ZEITCHIK: Well, absolutely. And that's - it's funny you say that because I think one of the ideas that's going to percolated as this is going to bubble to the top of the news is we've seen all the couples that have been in long-term relationships and really want to be married.

But I think what we haven't heard from, and people in the gay community will say this all time, is that they deal with the same issues about commitment and monogamy as the straight community does. And we haven't seen that side of it. Knowing Hollywood and knowing some of its comedic filmmakers, they'll find a way to mine that I'm sure in pretty short order.

YOUNG: I know that, Steve, in movies is that women now get to play the roles previously played by men. And that's the wacky bridesmaids in the film of the same name. This is a 2011 Kristen Wiig film. She co-wrote, she stars as the maid of honor who gets more out of control as the wedding approaches. Here is the scene where she takes a drink and just a few drugs to relax for a plane flight for the girls' getaway. It does not go well.


KRISTEN WIIG: (as Annie Walker) (Singing) I'm excited and I feel relaxed and I'm ready to party with the best of them.

YOUNG: Again, there's sort of a little role reversal there in that movie.

ZEITCHIK: There really is. And I think "Bridesmaids," just as "Wedding Crashers," kind of started to talk about some of these issues, about commitment and monogamy and weddings with men, we had the same thing with women, again, in a very comedic context.

And Kristen Wiig, of course, plays a woman whose best friend is getting married and she is dealing with some of these issues herself. Should she be with this guy she had just met? Should she continue in a more kind of independent, single lifestyle?

And so, again, something that took a little bit of time for Hollywood to get to. And even when it did get to, it did it in a very comedic way. But it was also a very popular and successful film, which I think shows that these are issues that really is on everyone - are on everyone's mind. And "Bridesmaids" just kind of channel it.

YOUNG: When you start thinking of wedding films, it's amazing how many there are. There's Spencer Tracy's "Father of the Bride," the original, the 1950 film. And he's, you know, worried about how much the wedding is going to cost, which is very funny. He talks about $85 for an orchestra. Whoa, huge amount.

But then 2008's "Rachel Getting Married," much more modern view. And Hathaway stars as Kym, who gets out of rehab in time for her sister Rachel's wedding. And in this scene, uses a rehearsal dinner speech to make amends.


ANNE HATHAWAY: (as Kym) I've been a nightmare, you've been a saint. And I'm really just so damn glad to be here with you, and Sidney's family, and our family, and just everyone's together. And I'm just - it really great. It's just - so I am hereby raising my seltzer to my laudatory sister and herewith making amends.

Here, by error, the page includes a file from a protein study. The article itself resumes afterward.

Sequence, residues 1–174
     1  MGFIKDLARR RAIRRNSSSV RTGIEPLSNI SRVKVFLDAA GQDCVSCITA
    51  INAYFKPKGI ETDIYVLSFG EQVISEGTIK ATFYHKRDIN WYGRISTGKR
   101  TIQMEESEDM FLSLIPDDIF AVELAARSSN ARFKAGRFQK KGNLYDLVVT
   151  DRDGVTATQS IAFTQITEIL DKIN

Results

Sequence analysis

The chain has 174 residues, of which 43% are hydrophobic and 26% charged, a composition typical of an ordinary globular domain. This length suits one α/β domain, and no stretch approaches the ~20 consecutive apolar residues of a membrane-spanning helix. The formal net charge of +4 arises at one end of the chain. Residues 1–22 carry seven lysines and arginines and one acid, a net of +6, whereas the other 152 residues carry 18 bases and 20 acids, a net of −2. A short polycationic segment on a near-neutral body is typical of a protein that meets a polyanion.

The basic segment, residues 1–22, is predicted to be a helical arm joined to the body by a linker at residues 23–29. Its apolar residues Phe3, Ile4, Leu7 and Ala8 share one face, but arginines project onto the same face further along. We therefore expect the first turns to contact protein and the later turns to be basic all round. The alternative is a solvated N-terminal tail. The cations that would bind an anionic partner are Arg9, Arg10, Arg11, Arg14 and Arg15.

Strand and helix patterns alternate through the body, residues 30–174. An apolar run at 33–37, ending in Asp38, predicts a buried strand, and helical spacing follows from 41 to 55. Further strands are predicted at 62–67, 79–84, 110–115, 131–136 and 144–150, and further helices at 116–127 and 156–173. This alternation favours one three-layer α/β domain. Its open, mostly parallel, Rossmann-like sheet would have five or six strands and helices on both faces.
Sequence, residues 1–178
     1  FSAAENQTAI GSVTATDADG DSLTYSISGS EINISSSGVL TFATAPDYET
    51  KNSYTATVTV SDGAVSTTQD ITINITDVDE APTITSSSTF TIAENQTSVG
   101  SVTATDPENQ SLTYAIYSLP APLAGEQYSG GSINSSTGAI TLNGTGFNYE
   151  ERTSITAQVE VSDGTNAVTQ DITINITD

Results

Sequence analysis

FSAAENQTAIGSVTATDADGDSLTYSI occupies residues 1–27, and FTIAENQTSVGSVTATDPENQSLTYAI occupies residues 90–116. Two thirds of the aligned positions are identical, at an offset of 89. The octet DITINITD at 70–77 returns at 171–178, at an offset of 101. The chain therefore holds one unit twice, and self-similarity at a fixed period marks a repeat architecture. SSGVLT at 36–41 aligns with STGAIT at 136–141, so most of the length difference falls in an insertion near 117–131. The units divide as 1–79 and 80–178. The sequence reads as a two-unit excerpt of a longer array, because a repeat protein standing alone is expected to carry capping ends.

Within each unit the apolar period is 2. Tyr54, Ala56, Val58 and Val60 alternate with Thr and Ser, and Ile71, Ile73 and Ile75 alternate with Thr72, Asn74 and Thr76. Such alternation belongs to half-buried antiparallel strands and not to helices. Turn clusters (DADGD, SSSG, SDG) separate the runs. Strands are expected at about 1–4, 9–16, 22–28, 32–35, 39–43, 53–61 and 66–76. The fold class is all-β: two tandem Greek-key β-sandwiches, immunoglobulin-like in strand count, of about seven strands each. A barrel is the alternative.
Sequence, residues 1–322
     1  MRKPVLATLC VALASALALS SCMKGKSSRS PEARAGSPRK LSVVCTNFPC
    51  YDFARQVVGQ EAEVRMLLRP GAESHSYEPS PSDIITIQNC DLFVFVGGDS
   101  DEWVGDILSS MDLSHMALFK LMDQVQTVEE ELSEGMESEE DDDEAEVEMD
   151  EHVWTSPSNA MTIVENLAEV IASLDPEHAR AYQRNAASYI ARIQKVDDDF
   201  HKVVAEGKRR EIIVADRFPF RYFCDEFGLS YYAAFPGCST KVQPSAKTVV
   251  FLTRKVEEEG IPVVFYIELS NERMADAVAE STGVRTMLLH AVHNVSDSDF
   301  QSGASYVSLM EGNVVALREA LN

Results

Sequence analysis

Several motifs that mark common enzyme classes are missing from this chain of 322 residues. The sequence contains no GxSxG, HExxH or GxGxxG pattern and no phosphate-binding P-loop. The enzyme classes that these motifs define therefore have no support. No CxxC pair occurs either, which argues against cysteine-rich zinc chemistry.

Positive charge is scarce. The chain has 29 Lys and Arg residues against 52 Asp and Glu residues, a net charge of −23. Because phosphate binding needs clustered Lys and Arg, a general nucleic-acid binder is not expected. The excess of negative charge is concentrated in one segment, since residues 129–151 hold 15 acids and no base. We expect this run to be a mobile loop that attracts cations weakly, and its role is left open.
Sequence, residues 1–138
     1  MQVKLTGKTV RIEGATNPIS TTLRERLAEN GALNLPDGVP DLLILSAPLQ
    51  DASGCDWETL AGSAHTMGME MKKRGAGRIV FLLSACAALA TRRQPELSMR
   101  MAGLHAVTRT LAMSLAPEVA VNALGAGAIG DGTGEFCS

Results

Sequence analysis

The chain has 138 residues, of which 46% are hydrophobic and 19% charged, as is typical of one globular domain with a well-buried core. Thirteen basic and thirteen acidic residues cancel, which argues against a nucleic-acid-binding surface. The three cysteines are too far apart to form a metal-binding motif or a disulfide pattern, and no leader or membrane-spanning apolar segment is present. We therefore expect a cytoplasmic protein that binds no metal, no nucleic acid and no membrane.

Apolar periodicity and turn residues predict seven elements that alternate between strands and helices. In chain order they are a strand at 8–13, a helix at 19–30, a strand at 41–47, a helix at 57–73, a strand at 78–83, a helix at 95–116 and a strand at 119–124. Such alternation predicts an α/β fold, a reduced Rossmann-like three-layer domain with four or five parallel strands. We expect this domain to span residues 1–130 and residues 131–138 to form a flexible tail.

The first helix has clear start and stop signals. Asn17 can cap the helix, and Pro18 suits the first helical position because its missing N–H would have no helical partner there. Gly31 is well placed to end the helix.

ZEITCHIK: One of the things that's remarkable about Jonathan Demme's film and Anne Hathaway's performance in it, you've got all this sort of pathos that is built up in all these people and all these resentments as well. And the wedding just becomes a place to channel it. I think it evokes, as it does for many of us in real life, all sorts of issues about family, about siblings, about our own relationships.

And it's really rare I think to find in any kind of mainstream movie a frank discussion of this in a way that isn't sort of veiled by comedy. And I think that movie does it and that scene in particular, vulnerable, heartbreaking, honest, it really does it in spades.

YOUNG: OK. We know one last note you want to make - a shout-out to what you say is either the greatest or worst wedding scene ever. It's a classic, 1967 "The Graduate." Dustin Hoffman stopping Elaine's wedding, running down, banging on the doors of the church.


DUSTIN HOFFMAN: (as Benjamin Braddock) Elaine, Elaine, Elaine.

ZEITCHIK: Well, I think what's so interesting about that scene is it really takes it from the perspective of people who are not in the wedding. I think normally and even in the, you know, 45 years since that we've seen weddings on film, that usually people who are involved, you know, in the wedding - it's the bride, it's the groom, it's the family.

And I think with this, it's someone from the outside but someone from the outside who is - and witness, too, whether and invited witness or unintentional or uninvited one to that wedding. And I think what it does is it sort of puts us in that position where we're able to see it from the outside.

And, you know, again, I think it's one of the best scenes because it gives us that perspective. It's maybe one of the worst because it kind of upends our notions of what should be happening at a wedding and all the kind of organization that goes into it. So it's a great scene from a filmmaking standpoint. I think you could just store up feelings of both knowing agreement or maybe knowing discomfort.

YOUNG: Yeah, discomfort. We've been talking wedding films with Los Angeles Times film writer Steven Zeitchik. Steven, a pleasure as always.

ZEITCHIK: Thanks for having me.


SIMON AND GARFUNKEL: (Singing) Hello darkness, my old friend. I've come to talk with you again...

YOUNG: And, Jeremy, I think if someone was considering a wedding, we might have just scared them off with some of those films.


YOUNG: "The Graduate" also gave us the great Simon and Garfunkel soundtrack so, of course, we're going to play a little of it.


And this is HERE AND NOW from NPR and WBUR, Boston. I'm Jeremy Hobson.

YOUNG: I'm Robin Young. Transcript provided by NPR, Copyright NPR.